Compounding crises: A look at addiction recovery during a pandemic

Updated: Apr. 8, 2020 at 4:50 PM EDT
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WILMINGTON, N.C. (WECT) - For those working through a substance abuse disorder, the onset of the novel coronavirus did not erase their problems.

If anything, Coastal Horizons Center Vice President of Clinical Services Kenny House said, the pandemic will make things worse.

“Anxiety doesn’t go away in a crisis, it gets intensified. Depression the same thing,” he said, “and addiction and mental health concerns and opportunities for relapse versus opportunities for recovery are still there for everybody during this crisis and may be more intensified.”

The underlying causes of addiction can be multi-faceted, but House said mental health plays a significant part.

During a global pandemic where people are being laid off from work and asked to isolate in their homes, he said the risks to those with those underlying situations is heightened.

“Stressors for relapse, stressors for anxiety and depression increasing, all of those things are extremely high-risk,” he said. “So it really puts a burden and a responsibility on healthcare providers to pay attention to those things and offer new ways for people to get assistance when they need it.”

Responding to the crisis and maintaining the needed level of care hasn’t been a simple task.

“This is really something we weren’t expecting in terms of a pandemic, a health crisis, on top of an opioid crisis, along side of escalating rates of depression and suicide and those kinds of things,” House said. “So we really, this is everybody has to be on point in terms of making the services and options available for folks.”

That has meant a fundamental shift in how organizations like Coastal Horizons offer treatment to patients.

House said the lion’s share of their recovery staff are now utilizing telehealth resources and offering tele-therapy sessions for patients. The organization has also re-worked how it handles medication-assisted therapies.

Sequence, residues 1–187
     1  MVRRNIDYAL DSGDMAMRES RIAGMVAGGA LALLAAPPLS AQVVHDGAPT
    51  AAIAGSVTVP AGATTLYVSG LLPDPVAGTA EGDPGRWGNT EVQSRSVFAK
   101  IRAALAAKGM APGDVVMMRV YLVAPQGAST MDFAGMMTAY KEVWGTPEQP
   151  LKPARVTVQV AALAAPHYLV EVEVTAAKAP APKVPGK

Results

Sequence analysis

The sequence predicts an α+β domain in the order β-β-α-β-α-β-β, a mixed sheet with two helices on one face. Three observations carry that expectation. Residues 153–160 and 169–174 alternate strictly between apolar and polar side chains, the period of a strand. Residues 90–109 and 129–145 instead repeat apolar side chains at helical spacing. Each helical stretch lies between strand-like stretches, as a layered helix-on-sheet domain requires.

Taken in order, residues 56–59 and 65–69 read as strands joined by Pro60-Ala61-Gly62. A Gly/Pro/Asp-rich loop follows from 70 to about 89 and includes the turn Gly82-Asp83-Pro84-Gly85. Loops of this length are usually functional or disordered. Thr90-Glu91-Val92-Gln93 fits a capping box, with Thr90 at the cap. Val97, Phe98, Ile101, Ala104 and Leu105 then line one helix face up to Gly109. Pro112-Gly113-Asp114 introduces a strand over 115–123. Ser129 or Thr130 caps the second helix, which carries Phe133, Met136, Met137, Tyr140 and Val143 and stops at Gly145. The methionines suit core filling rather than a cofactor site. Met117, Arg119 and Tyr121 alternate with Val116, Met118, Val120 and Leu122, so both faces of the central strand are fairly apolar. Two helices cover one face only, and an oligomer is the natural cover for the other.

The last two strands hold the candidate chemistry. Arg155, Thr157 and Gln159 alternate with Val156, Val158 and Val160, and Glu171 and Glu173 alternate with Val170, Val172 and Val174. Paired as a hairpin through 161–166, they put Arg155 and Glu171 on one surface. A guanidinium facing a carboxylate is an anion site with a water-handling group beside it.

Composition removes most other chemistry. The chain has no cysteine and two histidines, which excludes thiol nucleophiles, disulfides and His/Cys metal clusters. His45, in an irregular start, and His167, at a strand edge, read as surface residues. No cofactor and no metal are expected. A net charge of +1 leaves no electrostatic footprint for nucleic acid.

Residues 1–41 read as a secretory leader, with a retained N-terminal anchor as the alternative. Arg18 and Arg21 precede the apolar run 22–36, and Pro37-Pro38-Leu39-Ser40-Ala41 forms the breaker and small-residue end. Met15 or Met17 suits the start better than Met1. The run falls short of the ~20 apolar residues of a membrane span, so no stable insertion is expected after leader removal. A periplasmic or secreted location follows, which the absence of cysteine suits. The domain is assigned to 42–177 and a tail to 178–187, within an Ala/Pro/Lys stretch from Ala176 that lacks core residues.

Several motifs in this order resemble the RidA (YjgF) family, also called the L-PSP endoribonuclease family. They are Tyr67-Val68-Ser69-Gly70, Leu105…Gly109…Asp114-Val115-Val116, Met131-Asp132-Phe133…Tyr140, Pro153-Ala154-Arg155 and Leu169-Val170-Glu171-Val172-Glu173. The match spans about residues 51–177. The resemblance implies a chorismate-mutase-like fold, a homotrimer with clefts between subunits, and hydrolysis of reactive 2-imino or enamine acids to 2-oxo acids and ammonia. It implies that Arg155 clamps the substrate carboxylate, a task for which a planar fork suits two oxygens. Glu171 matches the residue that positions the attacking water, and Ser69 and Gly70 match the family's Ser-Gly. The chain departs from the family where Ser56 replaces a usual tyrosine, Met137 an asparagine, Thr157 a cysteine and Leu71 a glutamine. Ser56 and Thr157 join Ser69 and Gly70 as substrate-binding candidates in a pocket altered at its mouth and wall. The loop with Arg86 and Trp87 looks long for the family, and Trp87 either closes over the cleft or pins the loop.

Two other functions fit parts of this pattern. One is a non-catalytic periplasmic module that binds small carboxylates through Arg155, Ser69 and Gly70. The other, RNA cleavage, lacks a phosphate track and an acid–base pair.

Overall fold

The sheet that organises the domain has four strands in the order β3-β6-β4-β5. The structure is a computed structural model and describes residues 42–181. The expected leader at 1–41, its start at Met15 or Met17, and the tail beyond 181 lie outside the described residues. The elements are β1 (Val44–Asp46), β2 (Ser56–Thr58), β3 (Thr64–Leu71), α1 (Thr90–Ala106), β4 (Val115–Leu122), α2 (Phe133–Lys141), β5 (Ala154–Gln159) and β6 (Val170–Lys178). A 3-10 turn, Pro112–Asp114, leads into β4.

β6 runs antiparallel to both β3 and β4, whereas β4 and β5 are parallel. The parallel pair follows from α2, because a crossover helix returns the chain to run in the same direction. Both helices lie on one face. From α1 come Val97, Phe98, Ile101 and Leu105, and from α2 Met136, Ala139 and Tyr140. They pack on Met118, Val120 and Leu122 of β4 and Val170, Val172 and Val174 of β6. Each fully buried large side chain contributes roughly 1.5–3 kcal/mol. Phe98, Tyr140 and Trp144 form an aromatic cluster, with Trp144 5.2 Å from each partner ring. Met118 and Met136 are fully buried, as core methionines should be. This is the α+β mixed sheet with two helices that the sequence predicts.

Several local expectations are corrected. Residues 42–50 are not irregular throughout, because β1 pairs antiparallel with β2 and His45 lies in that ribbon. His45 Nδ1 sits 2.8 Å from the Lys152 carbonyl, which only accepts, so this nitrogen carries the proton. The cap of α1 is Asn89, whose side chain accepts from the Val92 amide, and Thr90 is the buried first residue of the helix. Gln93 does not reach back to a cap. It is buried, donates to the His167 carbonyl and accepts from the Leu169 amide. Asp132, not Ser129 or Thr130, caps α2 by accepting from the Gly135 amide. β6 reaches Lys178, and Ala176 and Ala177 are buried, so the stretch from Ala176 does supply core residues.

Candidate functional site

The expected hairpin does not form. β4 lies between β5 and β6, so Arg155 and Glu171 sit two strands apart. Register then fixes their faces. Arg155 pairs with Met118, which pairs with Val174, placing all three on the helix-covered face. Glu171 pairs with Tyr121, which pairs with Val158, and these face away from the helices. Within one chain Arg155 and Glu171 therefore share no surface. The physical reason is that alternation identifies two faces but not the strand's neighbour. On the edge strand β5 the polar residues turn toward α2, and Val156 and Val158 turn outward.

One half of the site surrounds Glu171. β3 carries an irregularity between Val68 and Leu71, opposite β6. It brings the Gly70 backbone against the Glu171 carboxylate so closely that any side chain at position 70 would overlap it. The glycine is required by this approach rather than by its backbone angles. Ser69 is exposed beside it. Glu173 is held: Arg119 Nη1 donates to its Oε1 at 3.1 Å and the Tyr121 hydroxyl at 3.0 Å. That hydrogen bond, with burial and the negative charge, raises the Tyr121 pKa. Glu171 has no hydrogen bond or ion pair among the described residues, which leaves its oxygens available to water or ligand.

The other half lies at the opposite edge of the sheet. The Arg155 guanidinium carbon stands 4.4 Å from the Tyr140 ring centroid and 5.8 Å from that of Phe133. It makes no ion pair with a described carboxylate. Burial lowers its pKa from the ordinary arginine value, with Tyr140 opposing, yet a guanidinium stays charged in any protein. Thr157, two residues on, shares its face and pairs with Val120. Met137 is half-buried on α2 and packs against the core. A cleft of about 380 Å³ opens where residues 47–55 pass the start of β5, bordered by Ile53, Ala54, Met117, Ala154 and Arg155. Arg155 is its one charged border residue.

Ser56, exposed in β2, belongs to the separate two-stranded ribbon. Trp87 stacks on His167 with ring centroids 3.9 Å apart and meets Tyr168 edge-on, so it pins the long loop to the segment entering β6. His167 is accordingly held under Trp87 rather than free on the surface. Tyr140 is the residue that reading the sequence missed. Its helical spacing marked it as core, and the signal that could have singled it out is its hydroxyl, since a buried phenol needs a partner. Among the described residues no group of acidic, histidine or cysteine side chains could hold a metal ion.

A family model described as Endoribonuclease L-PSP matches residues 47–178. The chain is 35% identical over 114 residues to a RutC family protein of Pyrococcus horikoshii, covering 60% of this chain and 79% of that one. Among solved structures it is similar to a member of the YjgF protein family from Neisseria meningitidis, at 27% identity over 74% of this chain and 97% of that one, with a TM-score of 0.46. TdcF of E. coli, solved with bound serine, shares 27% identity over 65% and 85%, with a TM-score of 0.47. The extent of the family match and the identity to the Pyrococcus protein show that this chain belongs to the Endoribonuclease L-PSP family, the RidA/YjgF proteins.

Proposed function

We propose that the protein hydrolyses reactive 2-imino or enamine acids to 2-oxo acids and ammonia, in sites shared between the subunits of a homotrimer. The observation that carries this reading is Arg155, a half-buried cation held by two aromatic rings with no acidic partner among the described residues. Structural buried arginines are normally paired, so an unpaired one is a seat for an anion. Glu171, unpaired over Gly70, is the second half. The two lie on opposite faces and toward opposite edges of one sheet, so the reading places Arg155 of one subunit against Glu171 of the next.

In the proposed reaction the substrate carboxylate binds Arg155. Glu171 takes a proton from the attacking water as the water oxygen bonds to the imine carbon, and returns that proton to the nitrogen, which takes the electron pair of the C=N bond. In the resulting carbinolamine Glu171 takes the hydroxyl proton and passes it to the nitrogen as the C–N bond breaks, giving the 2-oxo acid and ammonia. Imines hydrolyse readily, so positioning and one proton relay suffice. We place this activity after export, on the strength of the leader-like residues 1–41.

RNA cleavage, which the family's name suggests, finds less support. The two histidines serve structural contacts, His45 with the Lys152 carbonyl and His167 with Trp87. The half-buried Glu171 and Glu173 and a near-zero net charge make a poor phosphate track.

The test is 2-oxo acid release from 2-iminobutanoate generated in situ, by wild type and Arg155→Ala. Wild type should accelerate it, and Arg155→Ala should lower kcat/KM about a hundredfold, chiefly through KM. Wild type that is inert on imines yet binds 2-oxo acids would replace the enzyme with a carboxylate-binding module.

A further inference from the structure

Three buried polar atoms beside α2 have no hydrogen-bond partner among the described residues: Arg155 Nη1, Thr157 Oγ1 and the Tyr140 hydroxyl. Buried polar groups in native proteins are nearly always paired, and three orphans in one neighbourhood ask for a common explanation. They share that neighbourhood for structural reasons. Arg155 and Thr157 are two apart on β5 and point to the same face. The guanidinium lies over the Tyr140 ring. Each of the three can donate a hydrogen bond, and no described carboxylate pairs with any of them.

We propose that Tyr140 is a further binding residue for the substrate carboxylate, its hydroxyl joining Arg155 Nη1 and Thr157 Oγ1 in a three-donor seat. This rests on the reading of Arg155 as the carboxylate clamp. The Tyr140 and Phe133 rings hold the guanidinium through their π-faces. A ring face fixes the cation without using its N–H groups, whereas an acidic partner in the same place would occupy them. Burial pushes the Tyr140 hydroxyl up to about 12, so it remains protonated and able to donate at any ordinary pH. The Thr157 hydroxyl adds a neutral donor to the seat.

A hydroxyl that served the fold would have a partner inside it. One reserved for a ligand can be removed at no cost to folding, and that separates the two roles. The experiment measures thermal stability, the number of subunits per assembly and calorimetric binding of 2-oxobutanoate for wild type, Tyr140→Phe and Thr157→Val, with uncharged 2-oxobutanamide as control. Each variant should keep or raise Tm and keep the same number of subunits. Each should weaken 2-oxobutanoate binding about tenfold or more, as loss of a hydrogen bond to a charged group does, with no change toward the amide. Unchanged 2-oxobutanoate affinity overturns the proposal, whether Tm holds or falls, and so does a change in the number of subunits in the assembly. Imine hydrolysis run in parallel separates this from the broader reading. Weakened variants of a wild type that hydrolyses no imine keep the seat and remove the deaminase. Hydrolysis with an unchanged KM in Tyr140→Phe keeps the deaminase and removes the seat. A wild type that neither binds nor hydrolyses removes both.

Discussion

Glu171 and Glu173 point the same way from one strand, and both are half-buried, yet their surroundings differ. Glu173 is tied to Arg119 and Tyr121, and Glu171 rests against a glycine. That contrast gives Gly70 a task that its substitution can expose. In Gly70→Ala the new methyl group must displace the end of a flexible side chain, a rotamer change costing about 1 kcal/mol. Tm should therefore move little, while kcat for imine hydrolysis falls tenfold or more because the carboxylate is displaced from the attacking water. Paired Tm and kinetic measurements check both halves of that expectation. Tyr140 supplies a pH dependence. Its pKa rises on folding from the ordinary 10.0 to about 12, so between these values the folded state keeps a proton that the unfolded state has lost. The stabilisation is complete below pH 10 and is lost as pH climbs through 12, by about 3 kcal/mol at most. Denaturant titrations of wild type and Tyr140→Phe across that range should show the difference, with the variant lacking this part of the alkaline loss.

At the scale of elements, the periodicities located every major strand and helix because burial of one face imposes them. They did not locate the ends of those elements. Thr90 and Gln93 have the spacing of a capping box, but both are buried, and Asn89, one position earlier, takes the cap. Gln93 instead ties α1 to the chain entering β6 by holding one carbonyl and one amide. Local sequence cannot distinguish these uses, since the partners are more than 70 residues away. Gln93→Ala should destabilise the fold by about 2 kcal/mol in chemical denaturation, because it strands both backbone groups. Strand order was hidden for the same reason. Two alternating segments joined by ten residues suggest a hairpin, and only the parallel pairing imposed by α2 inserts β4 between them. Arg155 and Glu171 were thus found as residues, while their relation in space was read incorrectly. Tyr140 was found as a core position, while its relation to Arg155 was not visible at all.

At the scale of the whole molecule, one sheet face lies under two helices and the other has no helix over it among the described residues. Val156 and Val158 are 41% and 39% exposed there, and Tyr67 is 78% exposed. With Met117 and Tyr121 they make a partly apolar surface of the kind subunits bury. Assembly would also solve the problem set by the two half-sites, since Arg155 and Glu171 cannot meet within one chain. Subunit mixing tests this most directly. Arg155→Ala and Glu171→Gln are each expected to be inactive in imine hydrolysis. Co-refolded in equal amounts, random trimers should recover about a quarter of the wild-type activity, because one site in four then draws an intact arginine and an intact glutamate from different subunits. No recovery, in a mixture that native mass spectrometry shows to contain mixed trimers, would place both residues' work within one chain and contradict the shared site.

Where they can, House said they are trying to protect the health of patients and staff by utilizing these methods, but he emphasized that in cases where treatment needs to be in-person, it is still available.

“It’s this ongoing balancing act of taking care of people,” he said.

In the case of in-person programs like the Quick Response Team, those efforts are still ongoing, though adjustments and tweaks are being made to ensure the safety of both the patient and staff.

“I think the old school of walking in anytime from the beginning of the morning to the afternoon, that has changed with this crisis, but the response and the availability of us to respond to people has not changed,” he said.

House said that’s a key message they are trying to get across, because the last thing those facing substance abuse disorder need is to feel isolated and like they have no options.

“So we really want people not to feel like, ‘OK I can’t go out, but I’m in trouble, the offices might be closed so therefore there’s no use in getting help.’ We want them to call those numbers, and we have systems in place where we can call people back or give them information on how they connect with us directly. So I think nobody should feel like they shouldn’t call.”

Other recovery resources, such as Alcoholics Anonymous, have also begun providing services while at a distance by setting up virtual meetings and providing resources to keep people connected online when they can’t meet in person.

House said he hopes the message gets across that recovery is still possible, even during these uncertain times.

“So we need to have that sense of awareness, and we need to encourage people that the systems have not shut down that can care for them, that those systems are still there.”

If you or a loved one are facing a substance abuse-related crisis, here are some resources that may help [If an overdose or alcohol poisoning are suspected, call 911]:

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